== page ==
The Deseret Museum was Utah’s first museum which opened in December 1869. The Utah Territorial Legislature declined to support the museum, so it was largely a private institution run at an economic loss of its founders and curators. It originally included a live animal menagerie and focused on taxidermized animals, geologic specimens, and archaeological materials.

The Deseret Museum originally occupied an adobe house located near the present-day site of Hotel Utah. The museum moved to several larger locations throughout downtown Salt Lake City until 1918 when the museum closed.

Following its closing, the collections of the Deseret Museum were divided among several museums and institutions of Utah including Brigham Young University, University of Utah, Daughters of Utah Pioneers, and the LDS Church History Museum.

The two Ancestral Puebloan artifacts shown here are in the collections of the LDS Church History Museum (as of Jan 2016).

Source of text: Eubanks, Lila Carpenter. "The Deseret Museum." Utah Historical Quarterly 50, no. 4 (Fall 1982): 361-76.

30 August 2018

Historic Clock from SLC's Main Street Now at Lagoon

This old street clock was relocated to Lagoon's Pioneer Village in 1977 from Main Street and 300 South in Salt Lake City.

Throughout much of the 1800s, street clocks were manufactured in the Eastern states and were costly to ship, making these clocks a sign of prestige in the West. By the turn of the century, however, street clocks could be found up and down Salt Lake City’s Main Street.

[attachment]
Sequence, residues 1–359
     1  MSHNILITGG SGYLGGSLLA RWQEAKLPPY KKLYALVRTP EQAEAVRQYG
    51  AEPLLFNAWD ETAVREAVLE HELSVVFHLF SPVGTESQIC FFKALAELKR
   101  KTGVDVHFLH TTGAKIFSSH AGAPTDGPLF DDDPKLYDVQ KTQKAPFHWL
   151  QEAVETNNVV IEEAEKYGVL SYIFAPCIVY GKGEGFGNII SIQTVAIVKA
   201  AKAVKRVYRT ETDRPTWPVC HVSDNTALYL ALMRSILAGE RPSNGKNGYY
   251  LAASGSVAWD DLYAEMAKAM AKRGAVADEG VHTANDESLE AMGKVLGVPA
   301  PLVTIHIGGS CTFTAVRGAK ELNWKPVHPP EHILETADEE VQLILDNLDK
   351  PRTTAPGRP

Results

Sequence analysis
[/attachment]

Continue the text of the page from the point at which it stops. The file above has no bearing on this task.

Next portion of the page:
The last clock from the 19th century still in operation in Salt Lake is the Old Zions Bank Clock at Main Street and 100 South. In its early days, water diverted from nearby City Creek drove an underground water wheel that powered the clock.

From the nameplate on one side of the base of Lagoon’s clock, it looks like the clock was constructed by a company in Boston, Massachusetts. It’s unknown how old the clock is or how long it stood at its former location.

In 1977 the old clock was removed from SLC and restored by Lagoon. Only one of the original clock faces remained and it was used as a pattern to etch three other faces in glass. The original motor, operated by 100-pound lead weights, was removed and is now displayed in the tool collection. The restored clock now runs on electricity.

Source of text: www.lagoonhistory.com

04 July 2018

Now & Then: Salt Lake County Fire Station at 4735 S State

Then and Now: The old Salt Lake County Fire Station at 4735 S State Street in Murray Utah. 

Part of this building was constructed in the 1890s by the J.A. Jones Planning Mill. Salt Lake County bought it in 1915 and converted it into a repair shop for county vehicles, a county fire station and Firemen's Hall. 

Now it is a BMW sales shop. 

The historic image is from Murray City Museum and is undated.

The modern images were taken June 29 2018.


22 June 2018

Now & Then: Monheim Farm in Sugar House

Then and Now. Believe it or not, these are the same two houses from 1910 and 2018.

Located at about 2100 S and 2500 E in Salt Lake City these two houses were built in 1905 (left) and 1902 (right) by the Monheim family. In 1910, real estate man H. E. Monheim divided his mother's 50-acre farm into a subdivision and called it Monheim Park. He planted an acre of strawberries and held a free strawberry picking festival in June 1910 to help sell the lots. These two homes are what remain of the original Monheim farm.

Sources: Salt Lake Tribune May 1910, SL 1910-05-20, Salt Lake Tribune 1910-04-24, Salt Lake Tribune 1910-05-29

Photo taken June 3 2018

Monheim Park, April 15 1910. From UDSH.

Salt Lake Tribune 1910-05-29